From ancient history
The oldest dog breed really seems to be a basenji.
We start from this consideration from Ancient Egypt, especially from the engraved paintings in the pyramids on the sarcophagi and from the paintings on paper, where a dog with pointed ears and a twisted tail is depicted everywhere. Often also with a gold collar around the neck.
People in ancient Egypt worshiped dogs as a sacred animal, guardian of the underworld, and guide on the final journey to the kingdom of death. The dog was elevated above other animals by this faith.
It is also possible to look at the Egyptian god of death Anubis, who had a human body and a dog's head. This god judged people on their last journey by weighing their hearts. Anubis was also a god of hope and could bring life back to the dead. He was the architect of human rebirth. The Egyptians, who recognized their dogs, also took good care of them. They often named their darling Brave, Hunter, or Protector.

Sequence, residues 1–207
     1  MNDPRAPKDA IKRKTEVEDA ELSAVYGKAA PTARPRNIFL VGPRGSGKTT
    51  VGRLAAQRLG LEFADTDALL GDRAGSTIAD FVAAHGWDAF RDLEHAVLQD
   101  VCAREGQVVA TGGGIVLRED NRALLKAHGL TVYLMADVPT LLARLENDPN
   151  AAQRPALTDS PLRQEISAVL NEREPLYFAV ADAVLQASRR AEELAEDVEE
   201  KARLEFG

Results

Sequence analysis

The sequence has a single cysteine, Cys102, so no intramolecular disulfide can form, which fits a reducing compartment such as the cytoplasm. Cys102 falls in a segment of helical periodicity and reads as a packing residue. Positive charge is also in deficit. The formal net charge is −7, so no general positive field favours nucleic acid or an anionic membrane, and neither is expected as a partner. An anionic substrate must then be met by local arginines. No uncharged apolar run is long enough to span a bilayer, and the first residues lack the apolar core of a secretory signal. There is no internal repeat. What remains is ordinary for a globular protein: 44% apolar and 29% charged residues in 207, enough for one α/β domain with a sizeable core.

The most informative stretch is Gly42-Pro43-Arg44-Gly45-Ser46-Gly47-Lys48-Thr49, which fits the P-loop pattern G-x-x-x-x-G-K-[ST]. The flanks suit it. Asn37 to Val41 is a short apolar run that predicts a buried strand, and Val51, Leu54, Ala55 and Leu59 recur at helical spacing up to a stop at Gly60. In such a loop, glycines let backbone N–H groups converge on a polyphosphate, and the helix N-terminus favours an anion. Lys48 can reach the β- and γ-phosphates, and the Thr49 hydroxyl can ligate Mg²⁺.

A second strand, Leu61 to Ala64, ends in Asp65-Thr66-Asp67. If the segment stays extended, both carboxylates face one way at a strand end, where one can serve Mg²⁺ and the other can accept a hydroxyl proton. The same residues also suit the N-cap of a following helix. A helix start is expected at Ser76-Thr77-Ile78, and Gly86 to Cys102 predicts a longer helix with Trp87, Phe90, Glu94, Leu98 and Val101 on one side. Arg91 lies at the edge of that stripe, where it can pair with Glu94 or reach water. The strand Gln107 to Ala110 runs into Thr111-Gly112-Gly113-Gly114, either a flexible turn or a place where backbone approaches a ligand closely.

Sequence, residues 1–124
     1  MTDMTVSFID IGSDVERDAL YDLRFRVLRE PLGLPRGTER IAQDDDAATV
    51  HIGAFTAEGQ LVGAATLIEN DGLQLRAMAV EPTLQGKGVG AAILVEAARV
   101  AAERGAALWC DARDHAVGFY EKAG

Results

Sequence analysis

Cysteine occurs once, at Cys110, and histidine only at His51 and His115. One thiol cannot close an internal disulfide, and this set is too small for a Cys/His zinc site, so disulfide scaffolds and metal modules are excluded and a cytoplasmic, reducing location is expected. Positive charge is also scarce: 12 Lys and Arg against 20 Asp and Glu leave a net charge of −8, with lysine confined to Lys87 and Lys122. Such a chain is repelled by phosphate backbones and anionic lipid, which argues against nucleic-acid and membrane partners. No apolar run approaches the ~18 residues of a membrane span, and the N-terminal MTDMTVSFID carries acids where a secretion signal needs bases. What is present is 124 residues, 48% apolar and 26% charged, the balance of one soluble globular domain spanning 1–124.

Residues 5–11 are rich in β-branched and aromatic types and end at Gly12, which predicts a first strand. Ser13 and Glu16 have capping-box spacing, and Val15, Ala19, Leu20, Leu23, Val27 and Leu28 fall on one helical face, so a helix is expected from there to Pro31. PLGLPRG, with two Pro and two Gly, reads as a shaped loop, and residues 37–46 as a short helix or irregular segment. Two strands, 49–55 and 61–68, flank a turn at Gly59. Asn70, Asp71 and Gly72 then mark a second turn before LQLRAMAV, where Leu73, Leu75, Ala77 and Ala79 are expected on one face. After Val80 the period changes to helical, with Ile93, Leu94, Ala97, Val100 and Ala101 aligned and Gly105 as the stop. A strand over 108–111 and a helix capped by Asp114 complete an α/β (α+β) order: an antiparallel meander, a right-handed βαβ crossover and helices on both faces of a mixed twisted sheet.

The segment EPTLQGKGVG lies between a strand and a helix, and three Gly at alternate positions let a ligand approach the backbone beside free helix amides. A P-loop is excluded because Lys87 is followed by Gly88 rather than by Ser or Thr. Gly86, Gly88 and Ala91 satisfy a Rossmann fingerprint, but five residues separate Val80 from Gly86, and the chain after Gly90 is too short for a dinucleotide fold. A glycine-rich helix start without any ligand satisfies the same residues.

It is one of the most primitive and most original breeds that still exist today. In the middle of the 19th century, this forgotten breed was discovered by researchers in southern Sudan and Congo in indigenous tribes of Pygmies who used dogs for hunting, which was the source of their excellent livelihood. The bell on the neck was used to scare the game and for the hunter to know where his basenji was.